Norma's House of Glass

In 2013, Jay Shefsky introduced us to Norma Gatto, a suburban woman who has turned her house into a glass mosaic masterpiece. We revisit her beautifully unique home.

TRANSCRIPT

Jay Shefsky: From the outside, the house seems like a typical suburban home. It’s a spacious ranch on a hilly four-acre property in Addison, Illinois. But from out here, it’s impossible to predict what awaits you inside.

Room  by room, wall by wall Norma Gatto has transformed this home into a work of art.

Norma Gatto (singing): Oh, the time to be happy is now. 

JS: Norma Gatto herself is kind of a work of art. She greeted us with a song.

NG (singing): The way to be happy is to make others happy, and you’ll have a little heaven down here.

JS: At 87, Norma is effusive, loving, spirited and spiritual. Her 92-year-old husband, Dominick, is quieter and seems delighted by the unusual woman he married 70 years ago.

We came to Norma’s home because we’d heard about her walls. But first she wanted to show us the floors. 

NG: But here’s my beautiful carpet that I painted.

JS: That’s right Norma has painted all the carpet in their home.

NG: When we moved in here there was a gold carpet and gold was out.

JS: Norma says she couldn’t bear the thought of wasting good carpeting. She got the idea to paint it. But how do you paint a carpet?

NG: And then I just sat there and meditated, and then the lord gave me in two seconds everything I had to do.

JS: What she had to do was keep adding paint until the carpet fibers were saturated. It took 100 gallons. 

NG: The rug sucked it all in, so I got more paint and I painted it again.

JS: Sounds expensive, but she only used paint that was mistinted and was returned, so it cost her $1 a gallon.

Today, the carpet feels like a floor—a slightly bumpy floor. But the smooth surface makes for easy cleanup. 

NG: We’re Italian and we make a lot of gravy and Italian food, and when we eat in the dining room—all my grandkids, they spill things. We’ll never have to worry about it getting in the rug.

JS: The design on the carpet has changed many times over the years. Once the carpet was saturated, it was a canvas that Norma could repaint whenever the spirit moved her.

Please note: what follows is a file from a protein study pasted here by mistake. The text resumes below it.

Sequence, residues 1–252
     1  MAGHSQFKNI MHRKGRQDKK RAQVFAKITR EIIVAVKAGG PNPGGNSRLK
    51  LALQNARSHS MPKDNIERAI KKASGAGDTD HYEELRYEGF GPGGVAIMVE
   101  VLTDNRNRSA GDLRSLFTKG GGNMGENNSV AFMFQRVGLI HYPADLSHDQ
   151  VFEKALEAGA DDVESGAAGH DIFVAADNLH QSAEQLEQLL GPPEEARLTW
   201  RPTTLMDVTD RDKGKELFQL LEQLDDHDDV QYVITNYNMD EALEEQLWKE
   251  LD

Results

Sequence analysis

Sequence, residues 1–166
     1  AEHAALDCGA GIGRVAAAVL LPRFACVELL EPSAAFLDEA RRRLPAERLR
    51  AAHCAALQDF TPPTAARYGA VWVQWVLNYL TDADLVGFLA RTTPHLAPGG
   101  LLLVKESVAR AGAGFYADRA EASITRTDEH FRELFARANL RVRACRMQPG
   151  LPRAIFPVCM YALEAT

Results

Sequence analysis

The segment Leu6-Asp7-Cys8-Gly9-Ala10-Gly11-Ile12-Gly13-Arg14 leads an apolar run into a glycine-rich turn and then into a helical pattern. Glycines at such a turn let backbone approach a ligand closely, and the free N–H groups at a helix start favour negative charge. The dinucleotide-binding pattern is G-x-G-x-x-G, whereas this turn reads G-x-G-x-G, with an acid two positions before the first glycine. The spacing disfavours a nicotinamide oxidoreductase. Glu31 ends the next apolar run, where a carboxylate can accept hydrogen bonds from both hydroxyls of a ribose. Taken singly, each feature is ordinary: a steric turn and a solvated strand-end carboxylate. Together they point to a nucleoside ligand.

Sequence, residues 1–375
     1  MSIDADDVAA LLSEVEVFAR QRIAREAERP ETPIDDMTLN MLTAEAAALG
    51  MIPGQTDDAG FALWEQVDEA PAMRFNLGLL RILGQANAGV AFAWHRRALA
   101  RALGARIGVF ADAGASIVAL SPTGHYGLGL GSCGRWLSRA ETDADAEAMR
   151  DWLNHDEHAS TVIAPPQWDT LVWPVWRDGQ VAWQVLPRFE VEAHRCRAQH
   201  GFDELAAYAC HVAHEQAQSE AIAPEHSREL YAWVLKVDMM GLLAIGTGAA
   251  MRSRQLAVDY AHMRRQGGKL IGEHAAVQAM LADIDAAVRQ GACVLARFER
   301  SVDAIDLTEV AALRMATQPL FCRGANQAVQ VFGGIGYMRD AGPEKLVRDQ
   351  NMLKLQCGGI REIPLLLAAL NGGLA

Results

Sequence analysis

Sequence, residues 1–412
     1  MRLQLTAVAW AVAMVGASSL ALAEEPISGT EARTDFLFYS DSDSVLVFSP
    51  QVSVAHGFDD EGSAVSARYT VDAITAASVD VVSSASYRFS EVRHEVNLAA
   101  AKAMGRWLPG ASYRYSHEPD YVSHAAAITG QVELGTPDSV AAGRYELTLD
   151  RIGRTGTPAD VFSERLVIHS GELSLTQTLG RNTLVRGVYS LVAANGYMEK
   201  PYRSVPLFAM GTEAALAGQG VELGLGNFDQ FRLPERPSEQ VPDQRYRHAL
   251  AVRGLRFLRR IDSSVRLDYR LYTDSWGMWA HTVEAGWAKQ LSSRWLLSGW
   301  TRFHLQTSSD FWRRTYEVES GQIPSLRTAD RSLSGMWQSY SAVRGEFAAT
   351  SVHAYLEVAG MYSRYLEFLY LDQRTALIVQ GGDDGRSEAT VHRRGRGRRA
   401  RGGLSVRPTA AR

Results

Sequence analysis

What kind of reaction did you get when your first did this?

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NG: My family thought I was crazy. They said, “Dad, what is mom doing?” He said, “She’s painting the rug.” They think I’m a hippie.

Hi, Vince. That’s my younger son. I love you sweetheart.

Vince Gatto: I was never embarrassed. I just didn’t understand it. 

JS: Norma’s son, Vince, was a teenager when she began decorating their home.  

VG: She was always kind of her own person. She instilled that in us.

When she did our house, it was what she loved, and it didn’t really matter what anybody else thought, including my dad.

JS: Norma Gatto’s unique creative vision is on display everywhere you look from the painted couches to the wall of mirrors, flowers and angels to the furniture decorated with cutouts from napkins. 

But if you ask me, Norma’s best work is made of glass.

NG: This is my masterpiece. 

JS: I can say with confidence that you have never seen anything like this. Every inch of the Gattos foyer is covered with glass. 

NG: That’s where I started—way in the corner here and I went this way.

I did many designs and then scraped them off. 

JS: Even the floor is a glass mosaic and somehow it feels solid and smooth under our feet.

And then there’s the ceiling.

NG: My neck was killing me forever and ever. And this is my bedroom that I love so much.

JS: For the bedroom, Norma bought unused boxes or mirror tiles at garage sales and broke them up with pliers.  

NG: And I had to cut many, many squares to get this whole bedroom.

JS: She loves mirrors but when it was all done she wanted some color.

NG: I took the mirror off and then put these pieces. Look at that beautiful purple, red and green.

JS: You have kind of an unusual home. When she first started doing it, what did you think?